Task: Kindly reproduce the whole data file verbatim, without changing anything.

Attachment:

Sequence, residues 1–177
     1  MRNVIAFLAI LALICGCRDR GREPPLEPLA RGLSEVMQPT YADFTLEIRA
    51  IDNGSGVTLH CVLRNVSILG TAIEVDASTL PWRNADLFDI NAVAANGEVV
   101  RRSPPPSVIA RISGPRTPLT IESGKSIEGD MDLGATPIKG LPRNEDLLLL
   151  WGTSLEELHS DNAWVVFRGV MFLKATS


Sequence, residues 1–177
     1  MRNVIAFLAI LALICGCRDR GREPPLEPLA RGLSEVMQPT YADFTLEIRA
    51  IDNGSGVTLH CVLRNVSILG TAIEVDASTL PWRNADLFDI NAVAANGEVV
   101  RRSPPPSVIA RISGPRTPLT IESGKSIEGD MDLGATPIKG LPRNEDLLLL
   151  WGTSLEELHS DNAWVVFRGV MFLKATS